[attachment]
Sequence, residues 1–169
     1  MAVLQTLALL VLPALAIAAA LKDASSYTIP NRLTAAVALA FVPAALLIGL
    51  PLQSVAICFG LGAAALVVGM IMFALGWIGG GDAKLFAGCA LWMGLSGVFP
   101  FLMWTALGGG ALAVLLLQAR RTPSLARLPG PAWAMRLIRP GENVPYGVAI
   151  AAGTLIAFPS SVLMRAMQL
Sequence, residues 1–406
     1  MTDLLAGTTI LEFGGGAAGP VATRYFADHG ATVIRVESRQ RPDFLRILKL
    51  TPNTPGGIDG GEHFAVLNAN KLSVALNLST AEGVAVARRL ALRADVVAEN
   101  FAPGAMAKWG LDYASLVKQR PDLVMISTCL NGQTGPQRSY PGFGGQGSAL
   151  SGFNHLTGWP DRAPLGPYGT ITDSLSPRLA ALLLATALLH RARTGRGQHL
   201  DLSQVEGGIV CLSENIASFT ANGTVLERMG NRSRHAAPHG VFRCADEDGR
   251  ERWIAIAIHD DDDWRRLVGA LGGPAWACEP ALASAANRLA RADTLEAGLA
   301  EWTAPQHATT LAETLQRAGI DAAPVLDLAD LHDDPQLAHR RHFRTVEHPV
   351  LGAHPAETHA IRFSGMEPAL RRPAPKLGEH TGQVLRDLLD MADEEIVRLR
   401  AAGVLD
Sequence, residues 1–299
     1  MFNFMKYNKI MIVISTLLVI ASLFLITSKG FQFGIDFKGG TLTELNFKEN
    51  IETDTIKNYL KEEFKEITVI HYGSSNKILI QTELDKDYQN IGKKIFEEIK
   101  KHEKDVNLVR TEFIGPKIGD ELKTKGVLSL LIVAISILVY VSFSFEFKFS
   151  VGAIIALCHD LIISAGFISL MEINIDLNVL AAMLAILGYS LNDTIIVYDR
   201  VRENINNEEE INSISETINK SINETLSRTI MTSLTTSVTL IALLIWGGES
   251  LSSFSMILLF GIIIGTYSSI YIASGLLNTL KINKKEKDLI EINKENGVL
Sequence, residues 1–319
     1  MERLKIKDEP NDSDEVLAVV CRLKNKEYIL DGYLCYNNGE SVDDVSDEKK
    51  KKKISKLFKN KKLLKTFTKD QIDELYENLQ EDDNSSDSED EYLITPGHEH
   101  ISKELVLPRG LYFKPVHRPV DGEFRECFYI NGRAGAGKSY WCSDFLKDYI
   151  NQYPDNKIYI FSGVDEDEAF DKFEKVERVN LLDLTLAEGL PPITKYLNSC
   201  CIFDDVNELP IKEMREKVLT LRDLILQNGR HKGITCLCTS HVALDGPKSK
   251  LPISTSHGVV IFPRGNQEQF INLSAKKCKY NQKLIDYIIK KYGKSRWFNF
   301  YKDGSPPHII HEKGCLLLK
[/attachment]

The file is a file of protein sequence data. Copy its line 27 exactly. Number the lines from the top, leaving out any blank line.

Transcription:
   151  NQYPDNKIYI FSGVDEDEAF DKFEKVERVN LLDLTLAEGL PPITKYLNSC